The team has been assigned to a suspected serial killer. Two women have been killed in remarkably similar circumstances. One, a single mother called Carol Garner, was strangled at home in front of her three-year old son.Read more ›
Hate being told how many words to write
Most Helpful Customer Reviews on Amazon.com (beta)
vague obtainable between he and himself .
This book has been an improvement.
(Submitted this review in Nov 2004)
SCAREDY CAT is an almost unrelievedly grim police procedural, though the setting is not a fictionalized New York City but rather modern-day London. The novel focuses on a series of murders being investigated by Team 3 of the unimaginatively named Serious Crime Group (West) of the Met, London Metropolitan Police. Detective Inspector Tom Thorne, introduced in SLEEPYHEAD, is back, and Billingham continues his slow and methodical sketching of Thorne's personality. Thorne may well be one of the most quietly complex characters in modern detective fiction; just when the reader thinks he or she has a handle on him, there is a twist or a turn, and suddenly one's opinion, one's conception, needs revision. Thorne is no genius, and he knows it. This is important; he is able to admit mistakes and to turn, albeit grudgingly, on a dime to correct them, even as he is weighed down by regret.
Ah, and the series of murders. Two women are murdered in London, some distance apart, with enough similarities to convince the police that they are, at least initially, the work of the same person. The murders resemble a pair of killings that occurred several months previously in which two other women were killed on the same day, apparently at the same time. Thorne comes to the conclusion that the two pairs of killings are linked, and that there is not one killer, but two, working in tandem with each other. He is horrified to further realize that, every time one body is found, there will be another waiting to be discovered. And while the methods of the murders may be the same, the killers themselves, it seems, are very, very different.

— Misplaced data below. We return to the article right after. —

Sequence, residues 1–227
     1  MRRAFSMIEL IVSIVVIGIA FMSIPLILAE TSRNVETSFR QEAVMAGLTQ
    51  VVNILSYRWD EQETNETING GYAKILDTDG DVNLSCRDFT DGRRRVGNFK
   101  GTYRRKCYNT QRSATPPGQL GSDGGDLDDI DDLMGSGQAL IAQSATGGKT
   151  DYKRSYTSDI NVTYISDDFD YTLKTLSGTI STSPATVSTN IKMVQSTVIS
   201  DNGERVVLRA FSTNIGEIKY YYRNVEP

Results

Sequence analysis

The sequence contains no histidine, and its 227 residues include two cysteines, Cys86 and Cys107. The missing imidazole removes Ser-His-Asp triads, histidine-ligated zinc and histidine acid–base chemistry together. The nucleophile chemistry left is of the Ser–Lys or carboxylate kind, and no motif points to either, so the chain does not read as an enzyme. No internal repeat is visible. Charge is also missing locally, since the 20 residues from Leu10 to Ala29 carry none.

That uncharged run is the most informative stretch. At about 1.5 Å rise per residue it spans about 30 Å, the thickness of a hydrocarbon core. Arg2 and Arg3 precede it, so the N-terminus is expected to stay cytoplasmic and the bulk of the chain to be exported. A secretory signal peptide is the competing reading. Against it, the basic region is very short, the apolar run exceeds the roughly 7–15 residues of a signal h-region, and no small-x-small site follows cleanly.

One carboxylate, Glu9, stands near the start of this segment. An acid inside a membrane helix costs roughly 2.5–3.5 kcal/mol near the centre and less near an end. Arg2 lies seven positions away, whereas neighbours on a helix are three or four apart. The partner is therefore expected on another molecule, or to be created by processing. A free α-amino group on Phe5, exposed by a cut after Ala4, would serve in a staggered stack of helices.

As the reader follows Thorne and his team (a group of extremely interesting individuals, to say the least) through their investigation, Billingham describes the intricacies of the investigators, the murderers and the survivors, the relatives of the victims left behind in death's wake. And while the identity of one of the murderers is revealed relatively early, the other is not revealed to either Thorne or the reader until the very end. The result is a novel with such skilled pacing that it is almost excruciatingly painful to read it without finishing it in one sitting. Yet it is simultaneously a novel of such simple craft, such intelligence, that one wants to savor it slowly. The result is an interesting dichotomy that few writers are able to achieve.
It is not necessary to read SLEEPYHEAD prior to reading SCAREDY CAT, though a reader introduced to one will inevitably be drawn to the other. Billingham, with only two novels, has become a writer who will undoubtedly be added to many "must-read" lists. Oh, one other thing about SCAREDY CAT: this book has perhaps the saddest Epilogue I have ever read. Don't skip ahead --- you won't really get it unless you read the whole book. And you'll definitely want to read the whole book.
--- Reviewed by Joe Hartlaub